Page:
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Nurturing Talent

In the science world, as in all technical fields these days, there’s a strong emphasis on the need to find the best talent. 

by Mark Lanfear
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In the science world, as in all technical fields these days, there’s a strong emphasis on the need to find the best talent. That’s not surprising, given the fact that most hiring managers are well aware of the growing shortage of people working in all STEM jobs. As baby boomers prepare to retire, and as higher educational institutions continue to produce less people who are willing to invest their time in the study of these critical professions, competition for talent will only become stronger and more challenging.

When companies are able to win over the best talent—whether they’re large corporations or small labs serving a very specific purpose—they’ve definitely won the battle. But they haven’t won the war. That’s because the art of retaining that talent is much more nuanced and complex. And it’s not just about winning another single battle. It’s really a marathon in understanding how to nurture your most valuable human capital so your organization will be well equipped to win the ever-evolving and continuous war on the global competitive stage.

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In this age of global competition, when even small labs are competing on a massive scale, it’s this human capital that will be your most valuable company resource for waging and winning every battle.

So this is the challenge, and it’s a perennial one: being able to nurture talent in a way that will make them willing to stay with the organization— and stay that course—in order to have the maximum positive impact on your business. That’s definitely not easy, considering there are so many employment opportunities for the best workers in technical fields such as science and engineering. Though the job market continues to be tough for many people, those who have the coveted technical skills are truly able to chart their own course. As a result, old ideas around traditional models of employment, like the 40-hour workweek, have already begun to significantly erode. Alternative models of employment, like contingent arrangements, are instead providing a lot of flexibility for modern workers who may enjoy the freedom of guiding their own career and moving from place to place in order grow in, change, and influence their profession.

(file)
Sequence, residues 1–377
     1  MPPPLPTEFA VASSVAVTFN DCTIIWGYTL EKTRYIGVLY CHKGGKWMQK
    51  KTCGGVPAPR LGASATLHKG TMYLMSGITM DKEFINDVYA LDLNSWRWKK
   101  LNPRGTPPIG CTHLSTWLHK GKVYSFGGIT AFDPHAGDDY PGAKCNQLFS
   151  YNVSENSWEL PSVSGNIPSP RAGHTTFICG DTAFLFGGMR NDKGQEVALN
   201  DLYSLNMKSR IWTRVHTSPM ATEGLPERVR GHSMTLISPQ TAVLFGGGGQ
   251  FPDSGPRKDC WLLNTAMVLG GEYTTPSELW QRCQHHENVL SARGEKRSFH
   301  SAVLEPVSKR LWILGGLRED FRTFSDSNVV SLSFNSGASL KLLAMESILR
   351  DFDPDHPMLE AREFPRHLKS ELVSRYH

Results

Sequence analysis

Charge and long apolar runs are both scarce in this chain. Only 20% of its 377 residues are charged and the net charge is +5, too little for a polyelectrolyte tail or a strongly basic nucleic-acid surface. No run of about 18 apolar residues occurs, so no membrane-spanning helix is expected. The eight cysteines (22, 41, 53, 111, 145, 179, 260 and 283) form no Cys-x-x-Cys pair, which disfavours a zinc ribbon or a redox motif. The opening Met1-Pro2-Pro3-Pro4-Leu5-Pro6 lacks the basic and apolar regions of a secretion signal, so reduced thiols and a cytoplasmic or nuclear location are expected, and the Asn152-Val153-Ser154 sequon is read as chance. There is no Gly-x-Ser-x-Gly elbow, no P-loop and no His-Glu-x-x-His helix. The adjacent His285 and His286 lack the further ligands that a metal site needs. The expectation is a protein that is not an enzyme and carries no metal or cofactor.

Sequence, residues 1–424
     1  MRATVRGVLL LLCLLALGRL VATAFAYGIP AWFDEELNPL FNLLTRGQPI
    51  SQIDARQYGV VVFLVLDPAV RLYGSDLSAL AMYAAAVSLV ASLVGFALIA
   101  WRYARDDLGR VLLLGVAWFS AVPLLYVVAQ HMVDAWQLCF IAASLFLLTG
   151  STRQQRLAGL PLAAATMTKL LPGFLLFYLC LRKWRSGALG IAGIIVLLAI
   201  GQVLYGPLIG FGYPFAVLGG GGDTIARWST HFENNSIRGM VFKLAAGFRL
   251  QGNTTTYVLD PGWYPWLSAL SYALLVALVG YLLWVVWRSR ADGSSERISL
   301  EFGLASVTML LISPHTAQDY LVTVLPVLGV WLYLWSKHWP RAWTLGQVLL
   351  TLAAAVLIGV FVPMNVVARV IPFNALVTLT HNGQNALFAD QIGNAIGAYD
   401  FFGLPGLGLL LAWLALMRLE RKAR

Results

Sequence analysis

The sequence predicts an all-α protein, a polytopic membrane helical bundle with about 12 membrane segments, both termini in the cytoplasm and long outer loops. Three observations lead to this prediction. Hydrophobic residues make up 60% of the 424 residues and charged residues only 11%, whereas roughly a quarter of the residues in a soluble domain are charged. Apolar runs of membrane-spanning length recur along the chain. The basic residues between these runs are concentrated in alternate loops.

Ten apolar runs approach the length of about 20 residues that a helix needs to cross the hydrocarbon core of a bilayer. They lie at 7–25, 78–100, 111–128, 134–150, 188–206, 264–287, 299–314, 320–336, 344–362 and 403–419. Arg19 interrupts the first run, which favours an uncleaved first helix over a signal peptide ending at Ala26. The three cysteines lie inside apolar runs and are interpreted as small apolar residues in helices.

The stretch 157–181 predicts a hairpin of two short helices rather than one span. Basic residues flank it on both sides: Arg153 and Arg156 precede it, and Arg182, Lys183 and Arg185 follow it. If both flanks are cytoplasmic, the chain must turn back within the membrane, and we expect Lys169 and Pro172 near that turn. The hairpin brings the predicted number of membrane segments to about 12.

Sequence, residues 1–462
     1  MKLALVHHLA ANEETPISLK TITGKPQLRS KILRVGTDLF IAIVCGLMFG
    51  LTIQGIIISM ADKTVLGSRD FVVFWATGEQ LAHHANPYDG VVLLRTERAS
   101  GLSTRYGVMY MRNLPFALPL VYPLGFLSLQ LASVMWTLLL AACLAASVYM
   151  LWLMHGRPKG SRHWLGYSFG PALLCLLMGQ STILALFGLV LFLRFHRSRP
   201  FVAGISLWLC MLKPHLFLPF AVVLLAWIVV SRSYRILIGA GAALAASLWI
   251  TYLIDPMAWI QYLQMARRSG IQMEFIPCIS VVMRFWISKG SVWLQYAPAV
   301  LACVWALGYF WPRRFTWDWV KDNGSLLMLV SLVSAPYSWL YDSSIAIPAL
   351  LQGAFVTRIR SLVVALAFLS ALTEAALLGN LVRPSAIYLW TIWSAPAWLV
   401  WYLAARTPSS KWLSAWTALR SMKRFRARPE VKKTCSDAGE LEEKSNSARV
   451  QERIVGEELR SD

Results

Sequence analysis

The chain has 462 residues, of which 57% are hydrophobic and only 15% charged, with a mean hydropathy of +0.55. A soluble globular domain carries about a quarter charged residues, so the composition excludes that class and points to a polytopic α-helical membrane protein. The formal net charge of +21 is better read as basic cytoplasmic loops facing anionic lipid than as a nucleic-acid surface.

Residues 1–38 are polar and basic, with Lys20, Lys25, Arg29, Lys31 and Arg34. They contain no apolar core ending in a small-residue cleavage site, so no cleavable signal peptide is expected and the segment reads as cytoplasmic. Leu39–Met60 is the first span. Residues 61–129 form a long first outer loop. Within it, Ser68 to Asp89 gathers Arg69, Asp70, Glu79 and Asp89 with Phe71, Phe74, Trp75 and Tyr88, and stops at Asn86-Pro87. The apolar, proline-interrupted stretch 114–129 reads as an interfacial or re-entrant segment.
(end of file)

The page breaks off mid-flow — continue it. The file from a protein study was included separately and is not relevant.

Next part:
But we know that these modern professionals also still hunger for a workplace that places a premium on the professional growth and well-being of its talent. After all, going to work isn’t just about making money, especially in the scientific world. Ultimately, it’s about making a difference with the kinds of products, innovations, and ideas that have the power to truly impact humankind in a positive way. This is why now, more than ever, the smartest and brightest employees don’t want to just perform “tasks” at a job.

They’re not looking only for a paycheck. They want the possibility of deriving true meaning and opportunity from the work they do.

Easier said than done. And yet the art of nurturing talent isn’t really so complicated. Recognizing and understanding just a few of the principles I’ve described above that are behind this new, more modern vision of the workplace is the first step in developing a plan to nurture the talent you’ve already got—and want.

There are endless avenues an organization could take to create a nurturing atmosphere. In fact, there are entire consulting firms that specialize in this endeavor. Workforce solutions companies that help organizations find and retain the best talent also are at the forefront of finding solutions to nurture the talent you already have.

However you go about it, though, the benefits and results are often universal. When any organization has a real plan for recognizing the worth of its talent—and helping that talent grow and flourish within their roles—that organization will experience better productivity, a workforce with staying power, and a fighting chance for winning its own personal war.